Syria has committed crimes against humanity, according to the UN Human Rights Council.
The UN Human Rights Council passed a resolution Friday condemning Syria and calling its actions against citizens “crimes against humanity.” The council called on the “main bodies” of the UN to “take appropriate action” against the Syrian regime, while the U.N. High Commissioner for Human Rights Navi Pillay called on the council to refer Syria’s alleged crimes to the International Criminal Court (ICC). Pillay also said she believes Syria is on the brink of civil war.
37 of the 47 countries voted in favor of the resolution, six abstained and four voted against it, including China and Russia. Syria’s ambassador to the UN Faysaal Hamwi brushed aside the resolution, blaming foreign armed gang for the country’s widespread violence and claiming the resolution was “not objective.”
At least 25 people were killed Saturday during a clash between military defectors and Syrian authorities, according to the Syrian Observatory for Human Rights.
The UN now estimates nearly 4,600 people have been killed during the uprising. At least 950 people were killed in November alone, making it the deadliest month since anti-government protests began in March.
Read more at the LA Times.
Other recommended reads on Syria this weekend:
- Waging Nonviolence’s Gene Sharp, on defecting Syrian soldiers - Sharp argues against military defectors killing their former comrades, claiming these clashes will only help the regime;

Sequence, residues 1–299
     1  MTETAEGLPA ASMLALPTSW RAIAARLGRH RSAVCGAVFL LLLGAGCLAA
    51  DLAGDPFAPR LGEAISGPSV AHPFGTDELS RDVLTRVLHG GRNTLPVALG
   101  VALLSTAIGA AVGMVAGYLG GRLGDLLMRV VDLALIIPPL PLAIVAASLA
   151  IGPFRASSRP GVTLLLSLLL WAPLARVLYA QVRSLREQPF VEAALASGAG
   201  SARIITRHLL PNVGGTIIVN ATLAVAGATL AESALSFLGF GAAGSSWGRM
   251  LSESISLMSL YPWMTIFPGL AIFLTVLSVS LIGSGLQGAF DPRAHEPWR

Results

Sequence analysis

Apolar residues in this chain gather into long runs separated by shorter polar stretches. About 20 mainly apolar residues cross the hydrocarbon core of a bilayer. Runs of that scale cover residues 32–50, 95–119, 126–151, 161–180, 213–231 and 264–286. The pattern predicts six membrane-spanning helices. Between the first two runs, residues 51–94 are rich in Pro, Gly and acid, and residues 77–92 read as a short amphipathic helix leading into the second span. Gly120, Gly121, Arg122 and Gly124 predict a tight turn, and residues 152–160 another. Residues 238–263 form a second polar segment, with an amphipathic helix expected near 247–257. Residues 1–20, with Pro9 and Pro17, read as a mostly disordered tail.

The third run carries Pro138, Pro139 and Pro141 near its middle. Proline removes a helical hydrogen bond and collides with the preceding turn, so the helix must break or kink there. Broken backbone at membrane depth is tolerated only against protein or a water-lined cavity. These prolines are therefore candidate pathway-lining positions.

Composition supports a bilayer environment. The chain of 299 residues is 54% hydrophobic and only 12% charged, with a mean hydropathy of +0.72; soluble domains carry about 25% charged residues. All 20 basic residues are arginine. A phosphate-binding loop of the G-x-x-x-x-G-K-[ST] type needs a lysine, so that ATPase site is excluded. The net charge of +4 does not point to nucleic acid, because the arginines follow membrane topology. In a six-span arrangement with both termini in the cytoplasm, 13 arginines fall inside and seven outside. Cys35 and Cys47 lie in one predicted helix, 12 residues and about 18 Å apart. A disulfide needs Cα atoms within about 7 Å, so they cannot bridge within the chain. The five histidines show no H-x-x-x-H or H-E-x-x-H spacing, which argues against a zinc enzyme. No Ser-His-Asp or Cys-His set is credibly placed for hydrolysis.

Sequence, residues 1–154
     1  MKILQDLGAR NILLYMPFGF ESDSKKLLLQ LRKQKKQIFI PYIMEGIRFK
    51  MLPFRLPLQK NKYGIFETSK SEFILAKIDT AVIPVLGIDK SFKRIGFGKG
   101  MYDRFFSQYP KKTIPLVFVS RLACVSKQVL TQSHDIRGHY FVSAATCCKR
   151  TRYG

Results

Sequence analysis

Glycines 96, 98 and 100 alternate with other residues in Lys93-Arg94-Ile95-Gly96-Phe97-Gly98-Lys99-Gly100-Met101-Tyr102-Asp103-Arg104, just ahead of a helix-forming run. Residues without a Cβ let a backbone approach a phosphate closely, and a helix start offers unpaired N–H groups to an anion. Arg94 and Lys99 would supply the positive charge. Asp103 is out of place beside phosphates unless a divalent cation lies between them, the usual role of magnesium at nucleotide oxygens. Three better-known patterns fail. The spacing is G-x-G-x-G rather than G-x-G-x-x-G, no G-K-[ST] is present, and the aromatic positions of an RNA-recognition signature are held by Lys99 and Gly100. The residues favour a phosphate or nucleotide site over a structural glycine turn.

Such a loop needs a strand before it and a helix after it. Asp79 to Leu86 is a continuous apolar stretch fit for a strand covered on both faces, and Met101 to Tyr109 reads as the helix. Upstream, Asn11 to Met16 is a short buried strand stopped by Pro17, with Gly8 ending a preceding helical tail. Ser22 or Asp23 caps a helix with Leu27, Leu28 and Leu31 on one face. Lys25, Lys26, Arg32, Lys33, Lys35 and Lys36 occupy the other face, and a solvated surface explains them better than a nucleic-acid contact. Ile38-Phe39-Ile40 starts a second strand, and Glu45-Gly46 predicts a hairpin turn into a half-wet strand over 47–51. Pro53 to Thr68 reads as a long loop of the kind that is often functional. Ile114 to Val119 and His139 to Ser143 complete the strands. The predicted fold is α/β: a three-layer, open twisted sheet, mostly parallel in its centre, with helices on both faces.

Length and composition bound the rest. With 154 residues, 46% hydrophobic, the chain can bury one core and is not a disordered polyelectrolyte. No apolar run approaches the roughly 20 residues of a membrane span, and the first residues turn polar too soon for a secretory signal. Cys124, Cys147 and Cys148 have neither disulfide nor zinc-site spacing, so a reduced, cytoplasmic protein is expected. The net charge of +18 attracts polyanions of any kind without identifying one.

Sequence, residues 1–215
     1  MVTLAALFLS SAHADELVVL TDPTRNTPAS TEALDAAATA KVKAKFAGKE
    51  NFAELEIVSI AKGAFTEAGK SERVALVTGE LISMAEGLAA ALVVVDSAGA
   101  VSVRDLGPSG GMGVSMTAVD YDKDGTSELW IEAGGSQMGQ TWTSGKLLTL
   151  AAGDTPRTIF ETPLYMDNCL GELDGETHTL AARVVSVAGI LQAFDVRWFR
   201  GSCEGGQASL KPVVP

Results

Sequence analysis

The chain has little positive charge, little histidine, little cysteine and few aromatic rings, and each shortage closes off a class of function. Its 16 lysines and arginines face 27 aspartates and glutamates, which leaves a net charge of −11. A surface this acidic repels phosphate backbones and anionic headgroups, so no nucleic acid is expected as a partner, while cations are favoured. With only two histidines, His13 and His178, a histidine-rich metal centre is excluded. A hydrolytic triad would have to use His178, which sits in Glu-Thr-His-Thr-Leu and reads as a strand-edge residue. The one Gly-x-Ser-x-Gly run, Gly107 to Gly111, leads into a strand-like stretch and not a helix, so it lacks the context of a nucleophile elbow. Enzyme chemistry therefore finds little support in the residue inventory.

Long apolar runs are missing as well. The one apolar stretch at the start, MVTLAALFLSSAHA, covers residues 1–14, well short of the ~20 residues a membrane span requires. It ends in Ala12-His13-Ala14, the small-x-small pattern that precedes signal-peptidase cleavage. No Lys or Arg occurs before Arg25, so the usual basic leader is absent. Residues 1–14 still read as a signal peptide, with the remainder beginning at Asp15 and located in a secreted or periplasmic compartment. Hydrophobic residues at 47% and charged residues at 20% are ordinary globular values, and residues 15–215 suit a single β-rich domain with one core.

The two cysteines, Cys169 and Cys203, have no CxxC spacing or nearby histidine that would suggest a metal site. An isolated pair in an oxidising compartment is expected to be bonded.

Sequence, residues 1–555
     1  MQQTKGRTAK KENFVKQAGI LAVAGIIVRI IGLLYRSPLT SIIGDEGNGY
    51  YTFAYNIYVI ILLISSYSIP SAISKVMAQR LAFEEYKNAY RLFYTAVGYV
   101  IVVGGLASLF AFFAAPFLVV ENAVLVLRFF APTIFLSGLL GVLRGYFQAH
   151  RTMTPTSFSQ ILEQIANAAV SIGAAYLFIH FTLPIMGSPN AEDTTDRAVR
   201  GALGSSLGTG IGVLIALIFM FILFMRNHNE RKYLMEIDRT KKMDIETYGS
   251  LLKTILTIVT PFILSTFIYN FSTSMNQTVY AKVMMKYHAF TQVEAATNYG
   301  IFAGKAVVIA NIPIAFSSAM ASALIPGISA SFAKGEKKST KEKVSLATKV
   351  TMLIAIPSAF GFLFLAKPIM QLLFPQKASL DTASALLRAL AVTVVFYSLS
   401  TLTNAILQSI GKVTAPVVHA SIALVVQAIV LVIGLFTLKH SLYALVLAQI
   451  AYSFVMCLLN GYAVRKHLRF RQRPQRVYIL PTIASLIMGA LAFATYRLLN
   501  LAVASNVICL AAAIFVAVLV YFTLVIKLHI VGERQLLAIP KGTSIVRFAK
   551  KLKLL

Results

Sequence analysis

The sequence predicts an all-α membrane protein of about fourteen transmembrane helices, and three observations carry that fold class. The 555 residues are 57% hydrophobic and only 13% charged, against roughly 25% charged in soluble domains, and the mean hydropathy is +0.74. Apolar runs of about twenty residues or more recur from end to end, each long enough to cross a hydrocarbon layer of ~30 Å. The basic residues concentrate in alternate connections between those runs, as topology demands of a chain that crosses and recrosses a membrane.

- Sam Rubenfeld (over here on Tumblr) of WSJ’s Corruption Currents, on oil company Shell leaving Syria and Christopher Matthews on Syria’s history of losing billions to corruption and tax evasion;
- The New York Times’s Neil MacFarquhar, on Syrian citizens feeling the heat of economic sanctions aimed at the government;
- The Guardian’s David Hearst, on Russia’s decision to support Syria;
- The Guardian’s Mark Sweney, with details on “Syria’s Torture Machine,” a graphic Channel 4 documentary scheduled to air December 19.
- Mother Jones’s Hamed Aleaziz, on whether or not a U.S. firm purposely misled reporters on their involvement with internet filtering in Syria.
[Photos: A protester marches during a protest organized by Lebanese and Syrians living in Lebanon on December 2. Credit: Omar Ibrahim/Reuters; protesters in Lebanon carry a picture depicting President Assad with a rope around his neck, on December 2. The Arabic script under the picture reads: “Very soon”. Credit: Omar Ibrahim/Reuters; a Syrian performer hangs from hooks while holding his national flag in front of a giant picture of Syrian President Bashar al-Assad as a show of endurance during a pro-regime rally in Damascus on December 2. Credit: AFP/Getty Images]